In mice whose sense of smell has been disabled, a squirt of stem cells into the nose can restore olfaction, researchers report today (May 30) in Stem Cell Reports. The introduced “globose basal cells,” which are precursors to smell-sensing neurons, engrafted in the nose, matured into nerve cells, and sent axons to the mice’s olfactory bulbs in the brain.
“We were a bit surprised to find that cells could engraft fairly robustly with a simple nose drop delivery,” senior author Bradley Goldstein of the University of Miami Miller School of Medicine says in a press release. “To be potentially useful in humans, the main hurdle would be to identify a source of cells capable of engrafting, differentiating into olfactory neurons, and properly connecting to the olfactory bulbs of the brain. Further, one would need to define what clinical situations might be appropriate, rather than the animal model of acute olfactory injury.”
Goldstein and others have independently tried stem cell therapies to restore olfaction in animals previously, but he and his coauthors note in their study that it’s been difficult to determine whether the regained function came from the transplant or from endogenous repair stimulated by the experimental injury to induce a loss of olfaction. So his team developed a mouse whose resident globose basal cells only made nonfunctional neurons, and any restoration of smell would be attributed to the introduced cells.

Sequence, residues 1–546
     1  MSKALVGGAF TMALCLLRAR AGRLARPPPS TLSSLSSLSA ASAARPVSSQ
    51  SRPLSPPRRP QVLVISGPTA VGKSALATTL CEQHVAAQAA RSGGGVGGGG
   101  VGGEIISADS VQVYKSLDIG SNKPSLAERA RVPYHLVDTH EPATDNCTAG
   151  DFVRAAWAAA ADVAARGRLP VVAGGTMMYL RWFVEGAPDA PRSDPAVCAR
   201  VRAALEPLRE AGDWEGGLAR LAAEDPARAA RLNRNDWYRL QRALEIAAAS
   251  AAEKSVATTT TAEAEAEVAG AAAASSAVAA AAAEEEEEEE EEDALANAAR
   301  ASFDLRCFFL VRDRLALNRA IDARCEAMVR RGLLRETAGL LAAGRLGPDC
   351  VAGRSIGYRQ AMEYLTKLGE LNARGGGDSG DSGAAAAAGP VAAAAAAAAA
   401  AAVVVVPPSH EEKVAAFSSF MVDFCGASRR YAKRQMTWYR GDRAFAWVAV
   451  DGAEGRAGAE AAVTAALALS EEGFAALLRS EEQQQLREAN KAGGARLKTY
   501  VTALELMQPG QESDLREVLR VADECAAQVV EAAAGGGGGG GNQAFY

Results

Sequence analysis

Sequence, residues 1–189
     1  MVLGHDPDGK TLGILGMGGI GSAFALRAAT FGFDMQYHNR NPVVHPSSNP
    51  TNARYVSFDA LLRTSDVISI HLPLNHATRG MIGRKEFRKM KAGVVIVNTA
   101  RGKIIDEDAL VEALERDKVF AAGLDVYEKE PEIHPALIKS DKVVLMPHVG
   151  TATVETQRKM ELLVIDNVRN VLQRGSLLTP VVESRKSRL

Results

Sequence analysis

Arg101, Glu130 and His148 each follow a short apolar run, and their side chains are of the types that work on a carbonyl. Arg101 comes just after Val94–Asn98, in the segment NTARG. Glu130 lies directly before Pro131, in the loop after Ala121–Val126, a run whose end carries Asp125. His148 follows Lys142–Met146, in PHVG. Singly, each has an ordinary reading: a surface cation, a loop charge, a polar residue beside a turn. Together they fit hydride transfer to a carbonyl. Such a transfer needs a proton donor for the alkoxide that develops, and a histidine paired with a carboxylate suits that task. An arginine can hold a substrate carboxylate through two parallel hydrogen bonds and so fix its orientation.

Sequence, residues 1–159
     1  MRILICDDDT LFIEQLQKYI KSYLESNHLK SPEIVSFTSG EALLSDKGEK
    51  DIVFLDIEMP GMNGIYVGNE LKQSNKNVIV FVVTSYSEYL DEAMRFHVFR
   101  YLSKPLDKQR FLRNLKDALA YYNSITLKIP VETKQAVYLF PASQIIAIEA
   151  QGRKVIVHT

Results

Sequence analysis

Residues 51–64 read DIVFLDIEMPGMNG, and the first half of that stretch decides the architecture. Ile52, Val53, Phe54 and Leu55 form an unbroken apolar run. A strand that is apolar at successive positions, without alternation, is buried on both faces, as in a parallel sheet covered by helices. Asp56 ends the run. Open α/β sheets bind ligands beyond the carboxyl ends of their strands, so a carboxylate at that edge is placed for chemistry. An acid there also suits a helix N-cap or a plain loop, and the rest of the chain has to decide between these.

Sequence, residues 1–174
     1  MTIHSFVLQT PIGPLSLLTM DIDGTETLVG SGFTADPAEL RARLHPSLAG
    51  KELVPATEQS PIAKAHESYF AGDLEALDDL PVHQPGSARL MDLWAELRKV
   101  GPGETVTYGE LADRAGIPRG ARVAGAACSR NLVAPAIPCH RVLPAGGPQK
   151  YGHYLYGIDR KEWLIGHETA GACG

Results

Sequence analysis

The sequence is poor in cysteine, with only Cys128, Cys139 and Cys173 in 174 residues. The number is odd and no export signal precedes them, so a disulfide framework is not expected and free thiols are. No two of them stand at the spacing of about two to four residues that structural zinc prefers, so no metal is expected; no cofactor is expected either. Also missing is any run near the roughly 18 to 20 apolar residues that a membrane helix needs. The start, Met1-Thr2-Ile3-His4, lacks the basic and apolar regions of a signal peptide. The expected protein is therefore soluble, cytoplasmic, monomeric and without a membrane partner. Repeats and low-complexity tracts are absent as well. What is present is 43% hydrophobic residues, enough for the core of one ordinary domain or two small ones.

The team developed the stem cell transplant by engineering mice that produce easily traceable green fluorescent cells. The researchers then harvested glowing green globose basal cells (as identified by the presence of a receptor called c-kit) and delivered them into the noses of the genetically engineered, smell-impaired mice. Four weeks later, the team observed the green cells in the nasal epithelium, with axons working their way into the olfactory bulb.
Behaviorally, the mice appeared to have a functioning sense of smell after the stem cell treatment. Unlike untreated animals, they avoided an area of an enclosure that had a bad smell to normal mice.
To move this technology into humans suffering from a loss of olfaction, more experiments in animals are necessary, says James Schwob, an olfactory researcher at Tufts University who has collaborated with Goldstein but was not involved in the latest study, in an interview with Gizmodo. “The challenge is going to be trying to [engraft analogous cells] in humans in a way . . . that [would] not make things worse.”